• Tour de France, Stage 17

Froome blasts way to TT victory

ESPN staff
July 17, 2013
Chris Froome credited the switch to his TT bike for gaining the vital seconds that saw him beat Alberto Contador © AP

Chris Froome overcame the elements and a stellar ride from Alberto Contador to claim his third stage of this year's Tour de France and extend his Yellow Jersey lead on the individual time trial between Embrun and Chorges.

The Team Sky leader, who is set to extend his current deal with the team until 2016, put thoughts of tomorrow's gruelling double ascent of Alpe d'Huez to the back of his mind and produced a tactically perfect ride, crediting his switch to the streamlined TT bike for the final descent for the boost that took him inside Contador's leading time at the finish.

"I couldn't believe it when I saw I had the fastest time," Froome said. "I came into today expecting to limit my losses. I really didn't have the rain in my favour today, but the bike change could well have been the difference. I felt I needed the bigger gearing for the descent."

While many of the early riders weighed up whether to employ their standard road bikes or streamlined TT bikes over the two Category Two climbs, early leader Jon Izaguirre Insausti displayed the advantages of using both, switching to his TT bike ahead of the final descent to the finish to become the first man to break the 54-minute barrier.

The day's forecast had indicated that rain was always a possibility, and the first drops began to fall as Tejay van Garderen crossed the line to depose Izaguirre as leader, knocking 34 seconds off the Portuguese time-trial champion's time after following suit and switching to his TT bike shortly after the second time check.

Alberto Contador may have paid for the decision to stick with his modified road bike to the finish © AP

With that, the heavens opened - particularly at the summit of the Cote de Reallon, the second of the two key climbs, making the descents increasingly treacherous. The downpour lasted little more than 30 minutes, but left a greasy surface flanked by occasional sheer drops for the riders to contend with. Frenchman Arnold Jeannesson was one of the riders to lose out - having passed the first time check with what was then the day's second-fastest time, he lost 62 seconds to Van Garderen.

Jean-Christophe Peraud began his ride as the course began to dry out. The highest-placed Frenchman in the general classification broke his collarbone in a practice ride the morning of the stage, but was cleared to ride by the race doctor and grimaced his way around the course, only to crash on the final corner just 2km from the finish line and abandon the race.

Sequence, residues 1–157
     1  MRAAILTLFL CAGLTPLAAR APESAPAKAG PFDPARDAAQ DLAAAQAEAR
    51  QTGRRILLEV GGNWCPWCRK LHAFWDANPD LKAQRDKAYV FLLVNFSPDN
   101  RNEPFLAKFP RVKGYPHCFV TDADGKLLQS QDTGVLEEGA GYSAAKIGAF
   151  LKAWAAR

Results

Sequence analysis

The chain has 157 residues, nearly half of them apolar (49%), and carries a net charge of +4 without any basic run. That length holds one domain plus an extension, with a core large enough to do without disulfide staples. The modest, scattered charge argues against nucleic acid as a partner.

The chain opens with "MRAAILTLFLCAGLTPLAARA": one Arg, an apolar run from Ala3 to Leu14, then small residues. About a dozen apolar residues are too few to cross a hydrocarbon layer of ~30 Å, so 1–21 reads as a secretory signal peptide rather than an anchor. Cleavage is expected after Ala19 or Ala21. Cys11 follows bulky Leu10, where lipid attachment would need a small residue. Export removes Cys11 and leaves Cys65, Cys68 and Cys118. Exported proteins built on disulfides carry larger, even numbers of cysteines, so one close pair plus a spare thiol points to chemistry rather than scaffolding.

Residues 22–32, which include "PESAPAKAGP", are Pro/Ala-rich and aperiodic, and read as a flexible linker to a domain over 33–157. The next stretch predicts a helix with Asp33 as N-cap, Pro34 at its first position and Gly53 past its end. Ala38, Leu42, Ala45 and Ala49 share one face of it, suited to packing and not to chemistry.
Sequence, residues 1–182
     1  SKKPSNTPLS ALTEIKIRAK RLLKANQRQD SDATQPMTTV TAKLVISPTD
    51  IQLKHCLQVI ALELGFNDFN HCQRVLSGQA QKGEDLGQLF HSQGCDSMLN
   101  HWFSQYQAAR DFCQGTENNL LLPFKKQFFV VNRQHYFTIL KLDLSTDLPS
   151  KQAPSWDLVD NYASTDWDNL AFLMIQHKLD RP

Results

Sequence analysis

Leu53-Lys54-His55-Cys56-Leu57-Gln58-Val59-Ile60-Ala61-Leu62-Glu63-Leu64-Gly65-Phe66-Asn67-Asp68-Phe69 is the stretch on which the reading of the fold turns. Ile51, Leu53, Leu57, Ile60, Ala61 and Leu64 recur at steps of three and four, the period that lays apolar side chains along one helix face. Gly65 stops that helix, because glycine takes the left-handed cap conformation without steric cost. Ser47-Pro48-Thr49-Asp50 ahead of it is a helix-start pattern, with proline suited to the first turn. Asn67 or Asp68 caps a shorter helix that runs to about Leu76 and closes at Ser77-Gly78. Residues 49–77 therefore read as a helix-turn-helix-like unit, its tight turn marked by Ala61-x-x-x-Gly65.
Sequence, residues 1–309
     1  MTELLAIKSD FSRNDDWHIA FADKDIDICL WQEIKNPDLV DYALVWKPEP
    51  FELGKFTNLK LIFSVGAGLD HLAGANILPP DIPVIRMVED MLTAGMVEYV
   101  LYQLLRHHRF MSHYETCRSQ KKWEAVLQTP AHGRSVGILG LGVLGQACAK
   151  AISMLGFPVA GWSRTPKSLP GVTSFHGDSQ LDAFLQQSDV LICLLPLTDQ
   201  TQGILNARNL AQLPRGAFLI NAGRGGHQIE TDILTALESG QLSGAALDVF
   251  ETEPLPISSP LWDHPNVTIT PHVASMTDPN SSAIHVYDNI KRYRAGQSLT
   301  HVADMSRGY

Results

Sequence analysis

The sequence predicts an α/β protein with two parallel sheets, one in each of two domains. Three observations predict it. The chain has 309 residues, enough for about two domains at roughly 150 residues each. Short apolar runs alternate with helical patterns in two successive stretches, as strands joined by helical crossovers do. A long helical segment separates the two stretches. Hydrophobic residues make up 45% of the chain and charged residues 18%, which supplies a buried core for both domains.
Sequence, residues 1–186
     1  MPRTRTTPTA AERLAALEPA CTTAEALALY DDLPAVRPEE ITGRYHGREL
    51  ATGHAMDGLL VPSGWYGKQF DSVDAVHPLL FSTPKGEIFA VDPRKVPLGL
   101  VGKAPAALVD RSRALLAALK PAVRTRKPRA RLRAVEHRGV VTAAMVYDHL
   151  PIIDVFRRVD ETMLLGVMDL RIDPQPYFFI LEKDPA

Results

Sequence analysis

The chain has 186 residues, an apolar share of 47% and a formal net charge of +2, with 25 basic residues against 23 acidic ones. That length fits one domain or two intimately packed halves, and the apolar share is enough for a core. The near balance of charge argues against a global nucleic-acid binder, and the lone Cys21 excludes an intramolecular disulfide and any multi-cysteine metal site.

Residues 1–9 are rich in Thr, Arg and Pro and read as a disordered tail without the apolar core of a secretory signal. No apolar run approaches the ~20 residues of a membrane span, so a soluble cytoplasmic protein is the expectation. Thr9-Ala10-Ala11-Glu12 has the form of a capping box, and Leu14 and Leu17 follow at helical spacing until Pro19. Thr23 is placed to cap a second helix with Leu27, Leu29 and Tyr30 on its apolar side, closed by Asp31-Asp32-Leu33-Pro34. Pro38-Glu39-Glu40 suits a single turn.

Antonio Valverde showed no signs of holding back on his ride. The Spaniard had already taken 23 seconds out of Van Garderen at the second checkpoint and kept pushing, shattering the American's time as he crossed the line in 52min 03sec.

Behind Valverde, however, the real action was underway. Contador shot out of the start gate on his road bike, fitted with TT handlebars, and was fastest through the first checkpoint, taking 14 seconds out of his compatriot's time.

Then came Froome. The race leader, last to set off, was within two seconds of Contador at the first split, but trailed by 20sec after 13.5km. Riding with the same set-up as Contador, the Briton stuck to his streamlined TT position through the climbs while the Spaniard stood out of the saddle.

Ahead of them, Joaquin Rodriguez blasted through the final descent to assume the lead, taking 20sec out of Valverde, but his hopes of collecting the stage win would not last long, Contador - who did not switch bikes like the majority of the leaders - crossed the line in 51min 42sec, just 0.72 sec faster than his compatriot.

Bauke Mollema, who began the day in second place on the general classification, was struggling to match the pace of the front men by the time he overcooked the final bend and crashed against the barriers, but by then all eyes were on Froome's time.

The rain was falling on the race leader as Contador crossed the line, but the Team Sky leader was not to be denied. Already closing on the Spaniard, Froome switched to the high-geared TT bike shortly before the final checkpoint and flew down the Reallon towards the finish, crossing the line in 51min 33sec.

"It was a good time trial for me," Contador said. "I felt strong. Chris Froome, I have to say, is the best, but I am happy with my form right now. I admit I was concerned about some of the final turns, after hurting my wrist on the descent the other day."

Stage 17 result
1 Christopher Froome (GBR) Sky Procycling 0:51:33
2 Alberto Contador (ESP) Team Saxo-Tinkoff +0:00:09
3 Joaquim Rodriguez (ESP) Katusha +0:00:10
4 Roman Kreuziger (CZE) Team Saxo-Tinkoff +0:00:23
5 Alejandro Valverde (ESP) Movistar +0:00:30
6 Nairo Quintana (COL) Movistar +0:01:11
7 Michal Kwiatkowski (POL) Omega Pharma-Quickstep +0:01:33
8 Jakob Fuglsang (DEN) Astana +0:01:34
9 Andrew Talansky (USA) Garmin-Sharp +0:01:41
10 Tejay van Garderen (USA) BMC Racing Team +0:01:51

General Classification
1 Christopher Froome (GBR) Sky Procycling 66:07:09
2 Alberto Contador Velasco (ESP) Team Saxo-Tinkoff +0:04:34
3 Roman Kreuziger (CZE) Team Saxo-Tinkoff +0:04:51
4 Bauke Mollema (NED) Belkin Pro Cycling +0:06:23
5 Nairo Alexander Quintana Rojas (COL) Movistar +0:06:58
6 Joaquim Rodriguez Oliver (ESP) Katusha +0:07:21
7 Laurens Ten Dam (NED) Belkin Pro Cycling +0:08:23
8 Jakob Fuglsang (DEN) Astana +0:08:56
9 Michal Kwiatkowski (POL) Omega Pharma-Quickstep +0:11:10
10 Daniel Martin (IRL) Garmin-Sharp +0:12:50

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